By Tiffany Lankes
Wednesday, June 18, 2008
The School Board voted Tuesday to move forward with plans to tear down a historic building at Riverview High School, ending a two-year-long effort by local activists to save it.
The split vote -- 3 to 2 -- came after an hour of emotional comments from two dozen teachers, parents, community members and architects, forcing the board to weigh the value of preserving the building against the need for more parking and ballfields at the high school.
It was a rare standing-room-only School Board meeting, with the crowd split.
Teachers and students wore Riverview colors and said a plan to convert the old building into a music complex would further cramp an already tight campus. They also expressed concerns that the complex would jeopardize security by allowing more people on campus.
Those who wanted to save the building, designed by famed architect Paul Rudolph, wore green stickers and argued that it is too precious to tear down. Converting it into a music complex could attract top talent to the community and become a resource for students, they said.
In the end, board members said the decision hung on whether the group trying to save the building could come up with enough money for the project.
Despite giving the group three extra months to come up with a financial plan, board members said they were not convinced the money could be raised. They were afraid the district would get stuck with the old and deteriorated building.
"The time to show me the money was today," said board member Shirley Brown. "I'm sorry."
The decision came as a harsh blow to local architects and activists who have been trying for two years to persuade the district to spare the building.
"It's very unfortunate for the children and the culture and the fabric of Sarasota," said Don Blivas, who addressed the board.
Rudolph designed the original school, which opened in 1958 and is considered a prime example of the Sarasota School of Architecture. Other buildings were added on later, as the school grew.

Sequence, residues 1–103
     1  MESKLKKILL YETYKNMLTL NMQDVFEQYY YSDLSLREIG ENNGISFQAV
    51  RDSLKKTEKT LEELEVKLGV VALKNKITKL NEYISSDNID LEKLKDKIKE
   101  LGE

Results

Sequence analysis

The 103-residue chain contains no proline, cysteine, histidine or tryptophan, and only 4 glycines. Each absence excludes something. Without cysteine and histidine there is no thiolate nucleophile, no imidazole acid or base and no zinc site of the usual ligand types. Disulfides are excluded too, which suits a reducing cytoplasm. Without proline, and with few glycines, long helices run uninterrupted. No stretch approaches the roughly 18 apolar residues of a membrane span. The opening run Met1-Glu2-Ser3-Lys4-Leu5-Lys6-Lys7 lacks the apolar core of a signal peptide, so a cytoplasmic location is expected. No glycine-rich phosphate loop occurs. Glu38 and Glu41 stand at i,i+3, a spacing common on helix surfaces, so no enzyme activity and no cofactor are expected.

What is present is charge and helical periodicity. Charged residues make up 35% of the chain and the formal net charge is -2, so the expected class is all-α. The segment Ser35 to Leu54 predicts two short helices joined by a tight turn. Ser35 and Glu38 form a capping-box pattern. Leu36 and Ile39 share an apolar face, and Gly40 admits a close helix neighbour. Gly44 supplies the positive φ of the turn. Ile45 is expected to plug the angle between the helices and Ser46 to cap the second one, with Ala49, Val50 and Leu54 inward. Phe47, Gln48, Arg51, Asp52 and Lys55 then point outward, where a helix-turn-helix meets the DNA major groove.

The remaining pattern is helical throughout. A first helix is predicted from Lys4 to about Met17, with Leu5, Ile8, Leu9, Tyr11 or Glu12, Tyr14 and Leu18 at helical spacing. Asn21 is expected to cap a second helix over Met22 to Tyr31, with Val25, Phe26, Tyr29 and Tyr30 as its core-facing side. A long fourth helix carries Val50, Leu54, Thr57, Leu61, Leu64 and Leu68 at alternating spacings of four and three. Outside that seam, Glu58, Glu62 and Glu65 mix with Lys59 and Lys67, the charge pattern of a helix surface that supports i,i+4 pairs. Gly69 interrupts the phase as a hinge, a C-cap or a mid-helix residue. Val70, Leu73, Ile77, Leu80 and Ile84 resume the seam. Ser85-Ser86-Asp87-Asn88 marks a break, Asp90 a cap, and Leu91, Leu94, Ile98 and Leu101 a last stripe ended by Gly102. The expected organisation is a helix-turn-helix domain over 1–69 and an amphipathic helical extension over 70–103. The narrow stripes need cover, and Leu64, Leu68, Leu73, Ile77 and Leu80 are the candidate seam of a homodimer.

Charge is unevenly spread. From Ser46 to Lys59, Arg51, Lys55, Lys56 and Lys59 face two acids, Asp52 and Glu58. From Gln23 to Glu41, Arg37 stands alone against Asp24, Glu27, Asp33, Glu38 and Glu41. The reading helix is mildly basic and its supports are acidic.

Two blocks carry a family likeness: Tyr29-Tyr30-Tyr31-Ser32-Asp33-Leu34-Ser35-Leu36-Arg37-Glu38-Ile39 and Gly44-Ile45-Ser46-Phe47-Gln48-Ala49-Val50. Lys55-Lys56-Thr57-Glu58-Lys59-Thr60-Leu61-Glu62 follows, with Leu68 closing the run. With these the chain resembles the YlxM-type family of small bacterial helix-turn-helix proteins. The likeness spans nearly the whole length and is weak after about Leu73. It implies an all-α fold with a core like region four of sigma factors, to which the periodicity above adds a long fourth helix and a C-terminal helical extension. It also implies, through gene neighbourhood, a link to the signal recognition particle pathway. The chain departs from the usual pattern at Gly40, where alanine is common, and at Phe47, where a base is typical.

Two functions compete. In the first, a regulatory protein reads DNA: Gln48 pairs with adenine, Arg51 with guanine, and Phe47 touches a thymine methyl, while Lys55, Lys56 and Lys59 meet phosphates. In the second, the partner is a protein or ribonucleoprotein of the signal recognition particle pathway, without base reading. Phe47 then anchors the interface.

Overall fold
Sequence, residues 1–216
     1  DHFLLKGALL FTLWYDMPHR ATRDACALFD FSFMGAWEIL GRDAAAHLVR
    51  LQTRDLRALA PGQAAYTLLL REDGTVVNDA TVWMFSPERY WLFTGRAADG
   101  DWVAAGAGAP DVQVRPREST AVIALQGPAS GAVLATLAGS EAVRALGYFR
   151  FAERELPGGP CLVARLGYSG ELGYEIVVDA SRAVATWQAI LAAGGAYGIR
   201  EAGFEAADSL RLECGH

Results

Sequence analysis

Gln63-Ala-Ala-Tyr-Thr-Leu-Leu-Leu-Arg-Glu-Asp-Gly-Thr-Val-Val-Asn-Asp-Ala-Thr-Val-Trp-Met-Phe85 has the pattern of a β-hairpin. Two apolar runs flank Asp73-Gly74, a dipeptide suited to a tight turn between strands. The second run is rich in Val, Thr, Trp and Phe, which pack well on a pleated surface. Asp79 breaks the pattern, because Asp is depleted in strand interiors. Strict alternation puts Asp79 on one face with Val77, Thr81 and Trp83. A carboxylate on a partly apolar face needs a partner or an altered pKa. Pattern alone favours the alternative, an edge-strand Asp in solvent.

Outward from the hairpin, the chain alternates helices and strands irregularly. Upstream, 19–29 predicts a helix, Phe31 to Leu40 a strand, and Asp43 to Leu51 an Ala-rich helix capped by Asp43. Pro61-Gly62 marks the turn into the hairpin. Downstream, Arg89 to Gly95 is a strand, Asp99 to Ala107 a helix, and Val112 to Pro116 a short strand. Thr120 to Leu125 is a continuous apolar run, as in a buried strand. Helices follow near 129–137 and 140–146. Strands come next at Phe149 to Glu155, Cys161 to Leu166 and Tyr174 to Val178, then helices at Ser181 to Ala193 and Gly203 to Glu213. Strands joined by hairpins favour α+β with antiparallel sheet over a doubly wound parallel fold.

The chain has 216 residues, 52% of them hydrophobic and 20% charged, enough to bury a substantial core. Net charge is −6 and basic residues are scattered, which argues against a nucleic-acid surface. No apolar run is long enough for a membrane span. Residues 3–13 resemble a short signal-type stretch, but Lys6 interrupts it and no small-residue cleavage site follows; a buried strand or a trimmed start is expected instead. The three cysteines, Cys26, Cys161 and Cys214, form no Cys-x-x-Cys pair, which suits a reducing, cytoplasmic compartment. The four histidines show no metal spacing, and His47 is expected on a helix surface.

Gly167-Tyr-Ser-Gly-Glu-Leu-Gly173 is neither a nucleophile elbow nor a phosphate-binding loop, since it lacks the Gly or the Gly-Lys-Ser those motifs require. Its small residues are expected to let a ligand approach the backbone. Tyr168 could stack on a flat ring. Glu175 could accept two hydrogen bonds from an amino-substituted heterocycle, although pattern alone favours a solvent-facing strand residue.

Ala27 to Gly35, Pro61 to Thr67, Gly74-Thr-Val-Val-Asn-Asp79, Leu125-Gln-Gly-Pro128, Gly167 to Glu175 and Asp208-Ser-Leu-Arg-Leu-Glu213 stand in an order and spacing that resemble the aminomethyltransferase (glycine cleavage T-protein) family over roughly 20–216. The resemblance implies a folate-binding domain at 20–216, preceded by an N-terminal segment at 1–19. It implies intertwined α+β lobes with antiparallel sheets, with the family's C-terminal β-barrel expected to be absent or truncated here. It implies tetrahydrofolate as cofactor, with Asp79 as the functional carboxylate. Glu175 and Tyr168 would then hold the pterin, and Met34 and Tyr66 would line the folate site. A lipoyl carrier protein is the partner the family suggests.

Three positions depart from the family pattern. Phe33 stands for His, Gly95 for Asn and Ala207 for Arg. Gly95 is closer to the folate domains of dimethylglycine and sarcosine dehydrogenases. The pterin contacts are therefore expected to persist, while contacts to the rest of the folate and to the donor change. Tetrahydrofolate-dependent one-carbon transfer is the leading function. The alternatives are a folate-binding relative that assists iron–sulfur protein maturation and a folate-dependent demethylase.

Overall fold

The debate started two years ago when the district announced its intention to demolish the original building as it rebuilds Riverview on its 40-acre campus, the smallest in the county. The school has been falling apart for years and has persistent mold problems.
The district's plan calls for demolishing the original building and paving the site with a parking lot. The new school is scheduled to open in August 2009.
In March 2007, the School Board agreed to put the demolition plans on hold, giving the committee trying to save the building a year to come up with a feasible alternative.
After holding an international contest, the group selected architect Diane Lewis' plan for the Riverview Music Quadrangle, a center that would give the community a venue for the arts and could also be used by the students.
Their plan raised concerns from school officials, teachers and parents. One of the biggest proved to be the cost of the project, which the team estimated to be between $15 and $25 million. So far, the group had gathered $100,000 in pledges, though members said they could not really raise money until the School Board agreed to save the building.